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Response to Review no. 279

Professor Jupp’s review of Revolution, Counter-Revolution and Union: Ireland in the 1790s is both generous and perceptive. Like him, I do not concur with everything in all the essays, but it was not my job as editor to impose a party line, nor it is my task (or intention) to respond on behalf of other contributors (they might not agree with my defence). My remarks will thus be confined to some of the more general points that Professor Jupp raises. The three main caveats entered in the review concern: i) neglected contexts, ii) the changing nature of the impact of the French Revolution on Irish politics, and iii) the character of contemporaneous British society.

Jupp is of course right to suggest that a number of essays would have benefited from richer contextualization. Discussion of 1790s portraiture would be further illuminated by examining the genre as it evolved earlier in the century; analysis of public opinion and the passing of the act of union would be sharpened by comparing the debates with other ones going on at the time. But to quote Dr Johnson, by way of J. C. Beckett in the preface to his Short History of Ireland, ‘all claret would be port if it could’. All essays would be multi-layered monographs if editors and publishers would let them.

It is also true that historians of Ireland in the ‘age of revolution’ sometimes invoke the ‘impact’ of ‘the’ French Revolution too readily and without due attention to chronology. The ‘revolution’ in 1791 differs dramatically from the revolution in 1793 or 1797. Foreign perceptions of the revolution likewise have a chronology. Did the Irish ‘Jacobins’ of 1793 later on endorse the Directory? More pertinently, how did they react to that regime’s annexationist foreign policy? We do know that some presbyterian-republicans baulked. On the other hand, and meanwhile, Wolfe Tone over in Paris expressed no qualms about Directorial strong government. The idea of Napoleon, subsequently, entered popular culture and gaelic tradition as a quasi-messianic, Jacobite-style deliverer. Historians would do well to calibrate the trajectory of the reception of the revolution abroad more precisely, and no doubt a waning of population enthusiasm could be charted as Wordsworth’s blissful dawn steadily darkened. However, in Ireland at least, the evidence suggests that positive perceptions of the revolution continued to the end of the decade to predominate. ‘French Principles’ (among other things) inspired United Irishmen in 1798 as in 1791.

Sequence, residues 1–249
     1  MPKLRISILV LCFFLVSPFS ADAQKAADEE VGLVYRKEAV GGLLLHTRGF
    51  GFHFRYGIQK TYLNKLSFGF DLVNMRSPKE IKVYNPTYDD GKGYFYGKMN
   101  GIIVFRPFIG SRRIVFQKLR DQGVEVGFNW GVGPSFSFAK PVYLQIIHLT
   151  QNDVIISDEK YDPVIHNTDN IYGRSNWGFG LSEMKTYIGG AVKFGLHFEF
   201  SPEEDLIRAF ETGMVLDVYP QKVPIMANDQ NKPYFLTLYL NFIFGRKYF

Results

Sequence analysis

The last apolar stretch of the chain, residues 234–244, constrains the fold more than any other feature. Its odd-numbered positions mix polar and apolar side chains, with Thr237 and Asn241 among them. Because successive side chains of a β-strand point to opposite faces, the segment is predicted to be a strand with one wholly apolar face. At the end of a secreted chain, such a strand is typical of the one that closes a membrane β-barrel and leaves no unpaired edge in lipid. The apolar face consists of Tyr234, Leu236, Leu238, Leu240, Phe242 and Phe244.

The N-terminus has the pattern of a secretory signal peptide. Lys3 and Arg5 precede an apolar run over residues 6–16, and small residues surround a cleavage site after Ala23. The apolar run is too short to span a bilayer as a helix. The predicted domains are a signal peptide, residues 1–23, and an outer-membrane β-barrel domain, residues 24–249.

Britain was different. There, Wordsworthian disillusionment gained wider purchase. Jupp raises the interesting possibility that perhaps eighteenth-century Britain did not contrast as radically with Ireland as is often supposed. Yet it is one of the paradoxes of the ‘New British history’ that a closer – and welcome -historiographical integration of Irish history into the histories of ‘these islands’ has tended to underline Irish exceptionalism. Finally, one reason which I propose for Britain’s comparative stability during the 1790s is ‘ruling class hegemony’, which Professor Jupp takes to mean something like the rule of an old-fashioned squirearchy. This strikes him, moreover, as a rather old-fashioned view in the light of the work of Paul Langford, among others, which stresses the ‘plutocratic’ and more open nature of English society. This is not the place to engage the vast conceptual debate about the extent to which Hanoverian Britain (or England) conforms to the model of an ancien regime. According to historians such as Langford, eighteenth-century England is defined by commerce, modernity and, by contemporary European standards, a porous social hierarchy. According to the equally up-to-date work of J. C. D. Clark, eighteenth-century England was ‘Christian, monarchical, aristocratic, rural, traditional and poor’. Take your pick.